​ሕግንና ደንብን በተመለከተ እርዳታ ማግኘት ይፈልጋሉን? - Amharic | هل تحتاج لمساعدة قانونية؟ - Arabic | ܤܢܝܼܩܵܐ ܝ݇ܘ̤ܬ ܠܗܲܝܵܪܬܵܐ ܩܵܢܘܿܢܵܝܬܵܐ؟ - Assyrian | Need Legal Help? - Auslan | Treba li vam pravna pomoc? - Bosnian | Burmese â Need Legal Help? | 需要法律帮助吗? - Chinese Simplified | 需要法律幫助嗎? - Chinese Traditional | Trebate li pravnu pomoć? - Croatian | ضرورت به کمک قانونی دارید؟ - Dari | Wïc Kuɔɔny në Wɛ̈t Löŋ? - Dinka | آیا به کمک حقوقی نیاز دارید؟ - Farsi | Gadreva na Veivuke Vakalawa? - Fijian | Kailangan ninyo ba ng tulong na panglegal? - Filipino | Besoin d’aide juridique ? - French | Χρειάζεστε βοήθεια σε νομικά ζητήματα - Greek | क्या आपको कानूनी सलाह चाहिए? - Hindi | Butuhkan Bantuan dalam Masalah Hukum? - Indonesian | Hai bisogno di assistenza legale? - Italian | ត្រូវការជំនួយលើបញ្ហាផ្លូវច្បាប់ឬទេ? - Khmer | 법적인 도움이 필요하십니까? - Korean | Ви треба ли помош со правни работи? - Macedonian | कानूनी सहयोग चाहिएको छ? - Nepalese | Necessita de ajuda com questões jurídicas? - Portuguese | Вам нужна юридическая помощь? - Russian | E Manaomia Fesoasoani i Mea Tau Tulafono? - Samoan | а ли вам треба помоћ у правним питањима? - Serbian | Ma u baahan tahay Caawimmad xagga sharciga ah?- Somali | ¿Necesita ayuda con cuestiones jurídicas? - Spanish | சட்ட உதவி தேவையா? - Tamil | ท่านต้องการความช่วยเหลือทางด้านกฎหมายไหม? - Thai | Fiema’u ha tokoni Fakalao? - Tongan | Yasal Danışmaya İhtiyacınız mı var? - Turkish | Cần Được Giúp Đỡ Về Luật Pháp? - Vietnamese |

Preparing for court (pleading guilty) - Step by step guide

Going to court, especially for the first time, can be confusing and you may be nervous. The best way to make sure yo​u are prepared for court is to be organised.

Before the date you have to go to court, you should:​

Step by step guide icon​​Prepari​ng for c​​o​ur​t - Step by step guide

Step 1: Get leg​al advice

You can either represent yourself at court, or you can get a solicitor. You should arrange to get some legal advice as soon as possible, as it may take some time before you can see or speak to a lawyer.

You may be able to get legal advice from:

  • Legal AidNSW
    Legal Aid is generally not available to represent people at court for minor offences or traffic matters, but you may be able to get some free legal advice at Legal Aid NSW.
  • Aboriginal Legal Service
    If you are Aboriginal or a Torres Strait Islander you may be able to get legal advice from the Aboriginal Legal Service.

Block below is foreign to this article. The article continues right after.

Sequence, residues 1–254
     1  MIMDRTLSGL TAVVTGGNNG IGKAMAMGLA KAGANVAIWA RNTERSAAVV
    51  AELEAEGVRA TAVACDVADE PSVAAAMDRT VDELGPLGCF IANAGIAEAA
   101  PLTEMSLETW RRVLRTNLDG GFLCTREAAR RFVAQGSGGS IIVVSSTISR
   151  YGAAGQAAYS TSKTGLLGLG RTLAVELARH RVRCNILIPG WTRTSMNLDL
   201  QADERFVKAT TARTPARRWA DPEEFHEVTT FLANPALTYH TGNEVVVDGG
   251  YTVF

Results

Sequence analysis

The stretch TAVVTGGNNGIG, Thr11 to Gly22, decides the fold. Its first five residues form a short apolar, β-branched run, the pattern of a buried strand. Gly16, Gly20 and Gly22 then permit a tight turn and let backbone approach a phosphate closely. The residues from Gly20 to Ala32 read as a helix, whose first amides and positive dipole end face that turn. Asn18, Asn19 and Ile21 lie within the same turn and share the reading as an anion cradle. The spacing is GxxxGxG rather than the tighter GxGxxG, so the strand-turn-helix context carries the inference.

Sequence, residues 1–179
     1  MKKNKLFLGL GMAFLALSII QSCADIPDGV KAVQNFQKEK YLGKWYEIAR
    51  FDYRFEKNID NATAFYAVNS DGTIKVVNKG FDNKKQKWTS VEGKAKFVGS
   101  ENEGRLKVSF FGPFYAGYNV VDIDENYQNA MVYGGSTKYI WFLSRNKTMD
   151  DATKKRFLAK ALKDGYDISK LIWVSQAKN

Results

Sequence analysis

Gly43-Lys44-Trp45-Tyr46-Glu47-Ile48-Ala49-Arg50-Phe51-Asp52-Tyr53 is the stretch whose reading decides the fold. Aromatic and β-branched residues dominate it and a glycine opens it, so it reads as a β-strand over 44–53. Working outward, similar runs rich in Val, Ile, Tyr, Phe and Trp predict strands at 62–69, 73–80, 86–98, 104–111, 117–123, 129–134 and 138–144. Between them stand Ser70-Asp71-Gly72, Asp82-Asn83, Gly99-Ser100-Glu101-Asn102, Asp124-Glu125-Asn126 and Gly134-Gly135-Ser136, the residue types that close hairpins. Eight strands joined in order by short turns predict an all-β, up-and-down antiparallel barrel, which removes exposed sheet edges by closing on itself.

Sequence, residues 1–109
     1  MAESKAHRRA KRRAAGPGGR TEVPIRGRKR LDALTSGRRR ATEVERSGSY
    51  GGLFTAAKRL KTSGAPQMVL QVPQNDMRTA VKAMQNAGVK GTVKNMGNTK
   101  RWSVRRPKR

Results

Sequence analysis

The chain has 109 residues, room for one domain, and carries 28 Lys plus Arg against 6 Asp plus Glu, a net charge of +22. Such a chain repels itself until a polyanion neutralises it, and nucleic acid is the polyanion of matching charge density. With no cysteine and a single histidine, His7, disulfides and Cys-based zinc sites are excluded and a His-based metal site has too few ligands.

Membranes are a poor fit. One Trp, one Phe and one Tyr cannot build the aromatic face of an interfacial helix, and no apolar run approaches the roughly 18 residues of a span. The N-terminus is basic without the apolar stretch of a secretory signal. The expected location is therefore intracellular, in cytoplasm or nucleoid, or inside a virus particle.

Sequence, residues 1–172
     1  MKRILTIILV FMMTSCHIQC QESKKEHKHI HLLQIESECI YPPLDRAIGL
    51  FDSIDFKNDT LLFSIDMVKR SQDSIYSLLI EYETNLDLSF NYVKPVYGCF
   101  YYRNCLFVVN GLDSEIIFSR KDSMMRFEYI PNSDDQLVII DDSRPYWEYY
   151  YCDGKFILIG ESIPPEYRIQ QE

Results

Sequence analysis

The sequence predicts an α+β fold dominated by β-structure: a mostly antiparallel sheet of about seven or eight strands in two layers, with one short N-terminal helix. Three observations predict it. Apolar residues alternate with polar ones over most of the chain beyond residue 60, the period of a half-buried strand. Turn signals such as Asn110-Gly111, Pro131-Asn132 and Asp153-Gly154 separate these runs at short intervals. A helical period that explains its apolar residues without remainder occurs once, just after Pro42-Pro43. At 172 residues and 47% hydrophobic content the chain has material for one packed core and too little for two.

• LawAccess NSW
    You can call LawAccess NSW on 1300 888 529 to get free legal information and referrals to the most appropriate service for you.

Step 2: Confirm your court date, time and location

You should make sure you write down your court date and time. You should also check the address of the court. This should be on your Court Attendance Notice (CAN). If you can't find it you can contact the court or go to the Local Court website.

If you miss the date, or if you are late, the court may make a decision without you (in your absence). If the court makes a decision in your absence, you won't be able to explain what happened to the court or there may be a warrant issued for your arrest. If you miss your court date you may be able to apply for an annulment.

For more information, see Appeals and annulments.

Step 3: Ask for a​n adjournment (if you need one)

If you can't attend court, you should contact the court and explain why. It is a good idea to send something in writing, for example, a letter, email or fax. If you are sick you should also send a medical certificate that states that you are not fit to attend court. You should do this as soon as possible. Do not leave it until the day you are due in court! The court may adjourn (postpone) your case for a period of time, usually one or two weeks.

 If you are sending a medical certificate to the court, you should make sure the doctor writes why you are unable to attend. The magistrate may not accept a certificate if it only says you are unwell for unfit for work.